Michael DeBakey Biography, Life, Interesting Facts
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Michael Ellis DeBakey was born on September 7, 1908, in Lake Charles, Louisiana. His parents Shaker and Raheeja were immigrants from Lebanon.
DeBakey attended the Tulane University and received his Bachelor of Science degree in 1930. He went on to study medicine at the Tulane University School of Medicine and graduated in 1932. After receiving his medical degree, DeBakey took an internship at New Orleans Charity Hospital. He later took a fellowship at the University of Strasbourg, France and the University of Heidelberg, Germany.
After returning from Europe in 1937, DeBakey began to work in the surgical faculty of Tulane Medical School. From 1942 until 1946, DeBakey served as the member of Surgical Consultants Division in the Surgeon General office of the army. In 1945, he became the director of the office. One of the major works during this time was the development of the Mobile Army Surgical Hospital units. His concept greatly improves the survival rates of wounded soldiers. He later also helped to establish the Veteran’s Administration Medical Center Research System.
In 1948, DeBakey became the Chairman of the Department of Surgery at the Baylor University College of Medicine. From 1969 until 1979, he served as the president of the college and afterward, until 1996, served as Chancellor. DeBakey had an amazing ability to bring his professional knowledge to the public’s ear, which earned him a reputation as a medical statesman. During his career, he was involved in several commissions. He was a member of the medical advisory committee during Hoover Commission and the chairman of the President’s Commission on Heart Disease, Cancer and Stroke. He was also a member of the National Advisory Heart and Lung Council of the National Institute of Health.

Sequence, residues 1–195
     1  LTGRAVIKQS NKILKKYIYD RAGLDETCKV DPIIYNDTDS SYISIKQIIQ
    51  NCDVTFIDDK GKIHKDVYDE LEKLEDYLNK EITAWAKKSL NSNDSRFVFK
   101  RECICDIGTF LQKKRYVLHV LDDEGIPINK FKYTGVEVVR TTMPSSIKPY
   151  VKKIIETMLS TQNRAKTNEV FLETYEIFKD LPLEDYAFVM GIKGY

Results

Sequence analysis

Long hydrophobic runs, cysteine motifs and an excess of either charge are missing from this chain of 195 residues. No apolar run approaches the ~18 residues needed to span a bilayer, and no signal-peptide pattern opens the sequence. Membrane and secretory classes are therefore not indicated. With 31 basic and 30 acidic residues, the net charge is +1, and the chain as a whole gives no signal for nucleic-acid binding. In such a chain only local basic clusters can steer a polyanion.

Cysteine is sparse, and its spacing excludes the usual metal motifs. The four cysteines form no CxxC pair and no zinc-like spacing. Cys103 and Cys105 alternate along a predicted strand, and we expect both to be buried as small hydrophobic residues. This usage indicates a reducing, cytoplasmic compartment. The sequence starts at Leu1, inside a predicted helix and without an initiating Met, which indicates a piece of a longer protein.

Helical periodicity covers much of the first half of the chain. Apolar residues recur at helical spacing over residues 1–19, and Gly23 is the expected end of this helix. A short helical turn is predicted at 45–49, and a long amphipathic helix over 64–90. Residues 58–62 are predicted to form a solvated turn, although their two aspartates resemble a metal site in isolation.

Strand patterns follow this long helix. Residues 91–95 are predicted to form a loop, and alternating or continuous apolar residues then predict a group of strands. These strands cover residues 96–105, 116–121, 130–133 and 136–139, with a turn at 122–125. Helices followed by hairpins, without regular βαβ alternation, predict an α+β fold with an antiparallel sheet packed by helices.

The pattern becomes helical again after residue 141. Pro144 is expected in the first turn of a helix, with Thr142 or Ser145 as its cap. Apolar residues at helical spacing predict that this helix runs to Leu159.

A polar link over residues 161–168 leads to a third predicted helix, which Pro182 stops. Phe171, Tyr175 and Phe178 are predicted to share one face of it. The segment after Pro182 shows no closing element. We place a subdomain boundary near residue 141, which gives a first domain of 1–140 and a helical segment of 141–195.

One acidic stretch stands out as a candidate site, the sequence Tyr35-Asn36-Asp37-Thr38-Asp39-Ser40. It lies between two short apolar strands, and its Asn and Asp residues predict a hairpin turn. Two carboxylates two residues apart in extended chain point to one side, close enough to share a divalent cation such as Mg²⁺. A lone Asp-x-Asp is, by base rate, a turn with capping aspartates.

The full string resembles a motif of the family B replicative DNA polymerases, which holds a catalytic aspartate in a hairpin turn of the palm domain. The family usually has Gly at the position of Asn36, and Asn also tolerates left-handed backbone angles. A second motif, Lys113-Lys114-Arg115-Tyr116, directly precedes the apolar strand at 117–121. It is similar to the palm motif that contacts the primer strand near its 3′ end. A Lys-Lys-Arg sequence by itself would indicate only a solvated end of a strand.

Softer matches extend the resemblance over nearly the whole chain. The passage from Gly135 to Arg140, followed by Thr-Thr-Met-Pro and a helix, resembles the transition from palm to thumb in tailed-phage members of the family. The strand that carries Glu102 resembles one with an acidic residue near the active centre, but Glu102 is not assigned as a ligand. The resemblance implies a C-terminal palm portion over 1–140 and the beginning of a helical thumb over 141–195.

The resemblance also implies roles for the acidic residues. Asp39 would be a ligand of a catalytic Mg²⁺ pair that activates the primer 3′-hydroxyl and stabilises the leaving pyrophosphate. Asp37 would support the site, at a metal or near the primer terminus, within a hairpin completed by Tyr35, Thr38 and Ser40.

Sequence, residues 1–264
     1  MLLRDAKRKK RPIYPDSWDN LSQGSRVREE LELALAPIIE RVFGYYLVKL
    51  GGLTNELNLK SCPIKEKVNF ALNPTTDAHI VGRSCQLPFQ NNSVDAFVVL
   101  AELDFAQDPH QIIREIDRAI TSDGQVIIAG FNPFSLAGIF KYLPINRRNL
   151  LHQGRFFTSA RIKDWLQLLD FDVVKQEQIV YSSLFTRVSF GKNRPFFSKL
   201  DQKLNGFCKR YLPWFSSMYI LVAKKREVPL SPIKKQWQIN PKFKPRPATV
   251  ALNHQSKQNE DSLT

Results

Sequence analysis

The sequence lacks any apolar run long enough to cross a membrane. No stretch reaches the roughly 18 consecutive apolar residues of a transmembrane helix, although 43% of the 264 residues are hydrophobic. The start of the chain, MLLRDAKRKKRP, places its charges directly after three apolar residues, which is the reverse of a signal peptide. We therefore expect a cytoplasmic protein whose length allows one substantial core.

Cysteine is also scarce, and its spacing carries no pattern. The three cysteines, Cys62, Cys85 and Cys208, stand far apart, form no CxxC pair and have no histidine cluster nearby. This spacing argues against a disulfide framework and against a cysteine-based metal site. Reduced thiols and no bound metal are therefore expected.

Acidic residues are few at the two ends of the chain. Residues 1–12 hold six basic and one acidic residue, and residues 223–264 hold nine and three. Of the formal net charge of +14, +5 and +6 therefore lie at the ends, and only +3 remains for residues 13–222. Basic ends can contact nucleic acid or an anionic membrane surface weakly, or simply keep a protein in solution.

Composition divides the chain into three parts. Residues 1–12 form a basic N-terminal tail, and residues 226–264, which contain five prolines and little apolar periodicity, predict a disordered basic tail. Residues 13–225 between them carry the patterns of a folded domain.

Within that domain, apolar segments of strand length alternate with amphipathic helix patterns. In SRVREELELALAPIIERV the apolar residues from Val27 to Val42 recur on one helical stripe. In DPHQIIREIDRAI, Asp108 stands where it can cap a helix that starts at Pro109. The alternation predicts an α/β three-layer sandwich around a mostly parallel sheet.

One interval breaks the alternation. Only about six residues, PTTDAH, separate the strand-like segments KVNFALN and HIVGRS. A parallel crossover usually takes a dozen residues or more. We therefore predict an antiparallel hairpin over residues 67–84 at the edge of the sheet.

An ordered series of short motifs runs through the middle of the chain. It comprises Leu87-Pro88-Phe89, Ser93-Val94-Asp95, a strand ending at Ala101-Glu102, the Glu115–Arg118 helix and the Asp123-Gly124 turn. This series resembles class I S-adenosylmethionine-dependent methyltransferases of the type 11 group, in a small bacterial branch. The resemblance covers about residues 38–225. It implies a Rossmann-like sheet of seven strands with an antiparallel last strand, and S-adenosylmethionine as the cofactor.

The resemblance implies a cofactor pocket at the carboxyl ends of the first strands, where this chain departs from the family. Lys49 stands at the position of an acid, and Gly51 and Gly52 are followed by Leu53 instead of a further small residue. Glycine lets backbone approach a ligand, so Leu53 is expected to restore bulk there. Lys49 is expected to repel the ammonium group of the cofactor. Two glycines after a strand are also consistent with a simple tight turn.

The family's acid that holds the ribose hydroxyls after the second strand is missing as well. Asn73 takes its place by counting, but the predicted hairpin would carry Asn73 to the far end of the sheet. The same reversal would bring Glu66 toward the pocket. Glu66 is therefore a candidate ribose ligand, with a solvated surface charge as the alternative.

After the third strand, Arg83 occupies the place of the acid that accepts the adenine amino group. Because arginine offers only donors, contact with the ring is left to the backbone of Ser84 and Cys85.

When DeBakey 23 years old, he developed a groundbreaking technology- the roller pump, which 20 years later became an essential component of the heart-lung machine. In 1939, he and his mentor Alton Ochsner postulated that smoking has a strong correlation with carcinoma of the lung. In 1953, he became the first surgeon to perform a successful carotid endarterectomy and was one of the first surgeons to perform coronary artery bypass surgery. He also pioneered the use of Dacron grafts for blood vessel surgery. In 1958, he performed the first successful patch-graft angioplasty.
During the 1960s, DeBakey and his team began to record surgeries on film. He had a major role in establishing the Michael E. DeBakey Heart Institute at the Hays Medical Center. He also founded the Michael R. DeBakey Institute at Texas A&M College of Veterinary Medicine & Biomedical Sciences. In 1969, DeBakey was awarded the Presidential Medal of Freedom, and in 1987, he was awarded the National Medal of Science.
DeBakey practiced medicine for more than 75 years. He continued to practice until his death in 2008 when he was 99 years old. During his career, he operated on more than 60,000 patients, many of which were heads of state. In 2005, DeBakey suffered from an aortic dissection. He was the one who pioneered the surgical treatment for the condition. He was hospitalized at the Methodist Hospital in Houston and became the oldest patient ever to undergo surgery for this condition. He spent eight months in the hospital recovering from the surgery but managed to return to good health. DeBakey died on July 11, 2008, just two months before his 100th birthday.
Clarence Walton Lillehei
Joseph E. Murray